Stuart Pearce
Pearce is almost helpless to prevent England going down to three defeats in Israel.

Despite his best efforts to deflect criticism, England Under-21 manager Stuart Pearce will have awoken to obituaries regarding his managerial career after his side's third successive defeat in the European Championship group stage to hosts Israel.

After nine consecutive wins, Pearce's team were expected to sweep aside all before them, and were among the contenders to claim their first title since 1984 as they possessed a much-hyped squad full of English football's brightest young talents.

But as is often the trend in major tournament football, England have flattered to deceive and return home with not only major concerns over Pearce's continued presence at the helm, but questions over the structure of the nation's game.

To start, you wonder why so much scrutiny is being devoted to a tournament which is yet to unequivocally convince as a genuine building block for Europe's finest talents. For every Andrea Pirlo, there is a Marcus Berg; for every Luis Figo, there is a Francesc Arnau; evidence of the grave inconsistency attached to the title of the tournament's golden player.

And with the British and Irish Lions not beginning their test series in Australia for another 10 days, Wimbledon still a fortnight away, the Ashes starting in another month and the resumption of the Premier League a gargantuan eight weeks in the future, you could argue that complaints over the Under 21 football team are merely filling the time before the summer's main course.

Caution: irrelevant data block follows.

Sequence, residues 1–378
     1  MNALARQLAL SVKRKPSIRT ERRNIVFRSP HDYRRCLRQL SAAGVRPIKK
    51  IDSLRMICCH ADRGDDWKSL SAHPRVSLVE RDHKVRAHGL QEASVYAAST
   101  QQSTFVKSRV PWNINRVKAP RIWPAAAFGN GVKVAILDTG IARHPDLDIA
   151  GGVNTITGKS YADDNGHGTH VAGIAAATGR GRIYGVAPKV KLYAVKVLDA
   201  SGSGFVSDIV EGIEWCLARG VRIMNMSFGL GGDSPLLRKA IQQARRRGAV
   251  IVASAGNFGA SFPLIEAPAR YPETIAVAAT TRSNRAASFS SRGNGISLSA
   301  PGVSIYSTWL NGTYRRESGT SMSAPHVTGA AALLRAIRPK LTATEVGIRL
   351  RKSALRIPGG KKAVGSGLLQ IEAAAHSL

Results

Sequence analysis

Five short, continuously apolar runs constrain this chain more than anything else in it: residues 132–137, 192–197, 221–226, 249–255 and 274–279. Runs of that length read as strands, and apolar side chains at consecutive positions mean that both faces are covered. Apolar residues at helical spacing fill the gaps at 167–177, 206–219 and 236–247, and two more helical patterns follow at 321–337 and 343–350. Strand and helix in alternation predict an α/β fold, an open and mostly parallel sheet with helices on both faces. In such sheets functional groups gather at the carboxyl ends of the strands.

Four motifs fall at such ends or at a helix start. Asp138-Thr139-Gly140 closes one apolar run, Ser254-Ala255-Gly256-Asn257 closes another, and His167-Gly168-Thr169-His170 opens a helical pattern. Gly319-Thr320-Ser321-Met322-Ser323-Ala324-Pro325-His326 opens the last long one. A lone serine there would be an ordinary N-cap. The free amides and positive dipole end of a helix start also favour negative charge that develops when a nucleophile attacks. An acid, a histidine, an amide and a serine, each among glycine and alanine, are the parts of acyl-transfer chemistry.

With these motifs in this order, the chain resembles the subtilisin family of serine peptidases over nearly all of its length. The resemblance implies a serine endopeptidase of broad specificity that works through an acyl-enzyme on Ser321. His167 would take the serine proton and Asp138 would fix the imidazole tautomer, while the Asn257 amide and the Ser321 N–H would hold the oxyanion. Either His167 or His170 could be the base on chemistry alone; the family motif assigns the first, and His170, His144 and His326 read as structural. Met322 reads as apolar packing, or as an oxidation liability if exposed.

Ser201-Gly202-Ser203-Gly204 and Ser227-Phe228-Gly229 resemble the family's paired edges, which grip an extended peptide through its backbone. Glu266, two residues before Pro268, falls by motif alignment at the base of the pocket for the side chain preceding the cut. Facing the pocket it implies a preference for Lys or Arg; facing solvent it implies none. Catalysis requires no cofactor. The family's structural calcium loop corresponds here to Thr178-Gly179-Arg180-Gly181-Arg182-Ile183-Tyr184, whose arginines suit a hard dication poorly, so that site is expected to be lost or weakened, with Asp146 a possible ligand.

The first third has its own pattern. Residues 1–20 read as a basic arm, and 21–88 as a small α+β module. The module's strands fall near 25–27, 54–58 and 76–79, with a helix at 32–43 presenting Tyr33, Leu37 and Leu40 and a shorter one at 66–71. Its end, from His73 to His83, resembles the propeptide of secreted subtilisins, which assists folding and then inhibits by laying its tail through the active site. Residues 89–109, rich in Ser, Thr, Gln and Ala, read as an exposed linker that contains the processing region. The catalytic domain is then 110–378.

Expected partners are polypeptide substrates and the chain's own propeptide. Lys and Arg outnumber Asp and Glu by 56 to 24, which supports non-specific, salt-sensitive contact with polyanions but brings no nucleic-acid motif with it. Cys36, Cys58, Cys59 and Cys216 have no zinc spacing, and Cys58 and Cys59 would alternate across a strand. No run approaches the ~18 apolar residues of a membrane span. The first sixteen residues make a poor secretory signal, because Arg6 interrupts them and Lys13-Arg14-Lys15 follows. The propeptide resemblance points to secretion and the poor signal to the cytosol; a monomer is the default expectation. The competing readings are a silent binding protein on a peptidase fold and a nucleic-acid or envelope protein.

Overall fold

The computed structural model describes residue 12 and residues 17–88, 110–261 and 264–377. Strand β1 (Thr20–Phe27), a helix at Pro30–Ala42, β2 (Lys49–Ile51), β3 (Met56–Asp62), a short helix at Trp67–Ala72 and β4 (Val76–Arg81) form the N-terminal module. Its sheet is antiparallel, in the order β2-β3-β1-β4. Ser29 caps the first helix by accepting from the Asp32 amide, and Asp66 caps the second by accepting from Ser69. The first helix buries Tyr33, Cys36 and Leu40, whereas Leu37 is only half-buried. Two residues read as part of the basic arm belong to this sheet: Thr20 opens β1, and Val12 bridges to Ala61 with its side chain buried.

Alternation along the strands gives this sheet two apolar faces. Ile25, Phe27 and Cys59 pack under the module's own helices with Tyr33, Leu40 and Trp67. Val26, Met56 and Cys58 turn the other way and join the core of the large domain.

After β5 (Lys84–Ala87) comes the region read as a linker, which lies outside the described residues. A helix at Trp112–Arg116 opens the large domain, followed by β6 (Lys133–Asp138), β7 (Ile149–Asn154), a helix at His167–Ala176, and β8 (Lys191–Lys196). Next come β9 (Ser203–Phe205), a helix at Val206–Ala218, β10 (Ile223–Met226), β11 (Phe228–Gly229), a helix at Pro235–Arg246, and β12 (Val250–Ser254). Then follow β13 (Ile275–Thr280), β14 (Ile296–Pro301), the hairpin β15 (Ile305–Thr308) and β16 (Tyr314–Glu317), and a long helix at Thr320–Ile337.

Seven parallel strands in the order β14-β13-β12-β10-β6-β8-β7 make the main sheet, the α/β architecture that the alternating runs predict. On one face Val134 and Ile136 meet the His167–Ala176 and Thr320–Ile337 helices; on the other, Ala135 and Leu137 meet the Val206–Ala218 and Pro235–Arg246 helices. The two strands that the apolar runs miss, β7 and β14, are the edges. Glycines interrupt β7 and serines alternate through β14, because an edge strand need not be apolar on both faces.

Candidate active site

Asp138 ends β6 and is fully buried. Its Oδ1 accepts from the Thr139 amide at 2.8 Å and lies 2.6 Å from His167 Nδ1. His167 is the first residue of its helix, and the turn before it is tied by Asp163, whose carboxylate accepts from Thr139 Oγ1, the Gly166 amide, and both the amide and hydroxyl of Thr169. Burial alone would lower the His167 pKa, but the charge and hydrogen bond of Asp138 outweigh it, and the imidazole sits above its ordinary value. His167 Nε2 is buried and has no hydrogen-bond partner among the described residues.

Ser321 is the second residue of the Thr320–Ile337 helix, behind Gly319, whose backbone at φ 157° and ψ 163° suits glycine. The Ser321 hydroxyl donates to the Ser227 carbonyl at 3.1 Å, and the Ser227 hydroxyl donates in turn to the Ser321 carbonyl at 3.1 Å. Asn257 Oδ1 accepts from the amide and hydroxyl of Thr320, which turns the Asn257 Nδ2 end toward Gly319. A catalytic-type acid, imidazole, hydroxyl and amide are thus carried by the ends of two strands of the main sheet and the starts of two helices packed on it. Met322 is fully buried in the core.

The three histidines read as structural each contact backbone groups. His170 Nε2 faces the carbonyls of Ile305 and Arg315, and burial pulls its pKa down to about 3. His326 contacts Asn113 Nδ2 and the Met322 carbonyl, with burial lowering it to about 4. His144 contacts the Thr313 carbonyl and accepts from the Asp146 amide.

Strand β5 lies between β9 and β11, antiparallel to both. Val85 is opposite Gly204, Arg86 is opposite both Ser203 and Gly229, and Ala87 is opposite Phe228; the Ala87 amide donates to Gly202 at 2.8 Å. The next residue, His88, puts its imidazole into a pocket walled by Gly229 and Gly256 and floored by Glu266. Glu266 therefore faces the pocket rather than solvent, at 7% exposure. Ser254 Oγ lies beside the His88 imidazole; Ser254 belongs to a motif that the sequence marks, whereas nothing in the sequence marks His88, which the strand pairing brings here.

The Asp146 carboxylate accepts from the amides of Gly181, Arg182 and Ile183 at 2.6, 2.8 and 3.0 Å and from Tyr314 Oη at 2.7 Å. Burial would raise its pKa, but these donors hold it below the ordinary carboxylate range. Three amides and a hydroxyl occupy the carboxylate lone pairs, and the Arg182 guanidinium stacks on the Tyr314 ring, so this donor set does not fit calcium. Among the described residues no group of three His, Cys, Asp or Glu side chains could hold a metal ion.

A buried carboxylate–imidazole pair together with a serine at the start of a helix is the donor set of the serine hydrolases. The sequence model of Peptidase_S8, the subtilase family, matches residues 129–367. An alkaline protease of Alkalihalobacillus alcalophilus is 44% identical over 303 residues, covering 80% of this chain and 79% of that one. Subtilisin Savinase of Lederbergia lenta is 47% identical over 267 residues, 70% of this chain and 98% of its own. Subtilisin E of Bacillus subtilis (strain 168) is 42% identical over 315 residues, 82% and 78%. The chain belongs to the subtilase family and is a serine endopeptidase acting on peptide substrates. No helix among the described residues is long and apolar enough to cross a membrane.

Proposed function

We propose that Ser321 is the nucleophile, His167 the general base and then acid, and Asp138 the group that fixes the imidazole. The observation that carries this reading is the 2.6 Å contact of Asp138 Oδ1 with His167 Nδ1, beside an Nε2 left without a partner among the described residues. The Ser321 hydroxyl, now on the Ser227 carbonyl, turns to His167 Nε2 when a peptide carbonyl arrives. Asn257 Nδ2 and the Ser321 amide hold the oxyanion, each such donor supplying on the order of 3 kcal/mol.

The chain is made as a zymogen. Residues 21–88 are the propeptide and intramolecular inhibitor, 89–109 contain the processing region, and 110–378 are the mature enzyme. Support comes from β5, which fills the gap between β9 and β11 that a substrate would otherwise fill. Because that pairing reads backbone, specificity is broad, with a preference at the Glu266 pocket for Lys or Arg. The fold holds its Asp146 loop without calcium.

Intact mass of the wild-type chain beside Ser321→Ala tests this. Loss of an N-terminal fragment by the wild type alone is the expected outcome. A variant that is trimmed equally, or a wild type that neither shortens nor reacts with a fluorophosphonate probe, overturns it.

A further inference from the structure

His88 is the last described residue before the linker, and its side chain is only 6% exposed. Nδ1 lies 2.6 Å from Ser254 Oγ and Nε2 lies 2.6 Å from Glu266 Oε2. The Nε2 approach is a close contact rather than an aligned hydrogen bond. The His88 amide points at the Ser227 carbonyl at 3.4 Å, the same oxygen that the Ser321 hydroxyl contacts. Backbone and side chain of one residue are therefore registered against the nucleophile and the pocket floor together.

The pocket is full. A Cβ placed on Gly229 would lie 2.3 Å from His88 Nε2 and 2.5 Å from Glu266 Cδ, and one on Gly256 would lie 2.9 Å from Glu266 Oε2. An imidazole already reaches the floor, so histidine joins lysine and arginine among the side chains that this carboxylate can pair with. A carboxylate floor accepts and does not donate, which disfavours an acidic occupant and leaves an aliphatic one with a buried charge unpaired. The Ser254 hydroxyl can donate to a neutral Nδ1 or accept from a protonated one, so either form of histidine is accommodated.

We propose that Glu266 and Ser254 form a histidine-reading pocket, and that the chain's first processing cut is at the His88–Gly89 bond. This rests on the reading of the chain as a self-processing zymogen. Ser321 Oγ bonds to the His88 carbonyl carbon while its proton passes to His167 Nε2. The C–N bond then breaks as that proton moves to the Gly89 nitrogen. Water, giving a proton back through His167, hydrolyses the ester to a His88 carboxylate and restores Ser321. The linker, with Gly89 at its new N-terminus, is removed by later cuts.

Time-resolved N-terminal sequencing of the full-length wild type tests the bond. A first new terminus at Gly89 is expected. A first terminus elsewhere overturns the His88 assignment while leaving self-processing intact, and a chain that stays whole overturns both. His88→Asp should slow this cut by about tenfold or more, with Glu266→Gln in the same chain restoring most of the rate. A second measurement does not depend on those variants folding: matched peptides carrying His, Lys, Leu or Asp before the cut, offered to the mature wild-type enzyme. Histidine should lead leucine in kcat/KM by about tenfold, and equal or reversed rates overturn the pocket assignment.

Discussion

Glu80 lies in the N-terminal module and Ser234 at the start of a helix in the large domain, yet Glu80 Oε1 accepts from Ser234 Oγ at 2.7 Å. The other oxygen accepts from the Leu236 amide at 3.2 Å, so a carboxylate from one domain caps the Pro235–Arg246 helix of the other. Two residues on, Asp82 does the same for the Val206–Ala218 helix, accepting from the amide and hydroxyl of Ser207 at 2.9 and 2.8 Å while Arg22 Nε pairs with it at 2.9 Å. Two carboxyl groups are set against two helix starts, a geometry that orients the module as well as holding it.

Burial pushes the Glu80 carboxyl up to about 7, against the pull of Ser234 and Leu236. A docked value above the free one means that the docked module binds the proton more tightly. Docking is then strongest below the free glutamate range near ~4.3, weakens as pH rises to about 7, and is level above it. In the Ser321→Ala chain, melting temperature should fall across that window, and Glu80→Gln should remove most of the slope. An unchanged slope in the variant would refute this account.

Euro 2013 should never have been perceived as anything other than a side project on England's road to Brazil in 2014. You need only look at the low attendances for each group match and the lack of comprehensive media coverage for evidence that this tournament ranks someway below a typical Saturday afternoon in the Premier League. How these tournaments can therefore be regarded as the stepping stone is laughable; it's a significant step down.

What many critics have failed to grasp is that winning the competition is an irrelevant milestone during the development of these players. Germany, whose country's first team have profited most from their Under-21 side in recent times, can hardly attribute victory in 2009 to the reason behind the promotion of a handful of players to the World Cup squad the following year.

Those individuals, which included Mesut Ozil and Sami Khedira, had been nurtured in their homeland, gaining experience which assisted their success on the biggest stage of all. The Under-21 finals are an inferior competition.

Perhaps due to the lack of structure in the English international game, not least after close to half a century without a major success, England's selection follows the 'if you good enough, you're old enough' mantra.

Wayne Rooney, Theo Walcott and Jack Wilshere are among those to have all but missed the Under-21 boat entirely, to focus on their full England careers. The truth is, England's very best graduates are anything but products of the conventional international pathway.

It means that what England's Under-21 side actually represents is nothing more than a Premier League reserve side, and if the immediate promotion of the country's best players is any indication, with the odd exception, their international careers are dwindling before they've barely begun. So it's not criticism they deserve, it's sympathy.

Pearce has been quick to identify the absentees from his squad during Euro 2013 as one of the reasons behind his side's failure. The ex-Manchester City and Team GB boss might be an unambitious a managerial choice as any The Football Association could muster, but he is right to observe that all resources are pulled towards major tournaments every two years.

In short, England's policy is to throw everything into the height of international competition when the world is watching, instead of damaging the country's chances by forcing unrealistic demands upon players.

What were we arguing about again?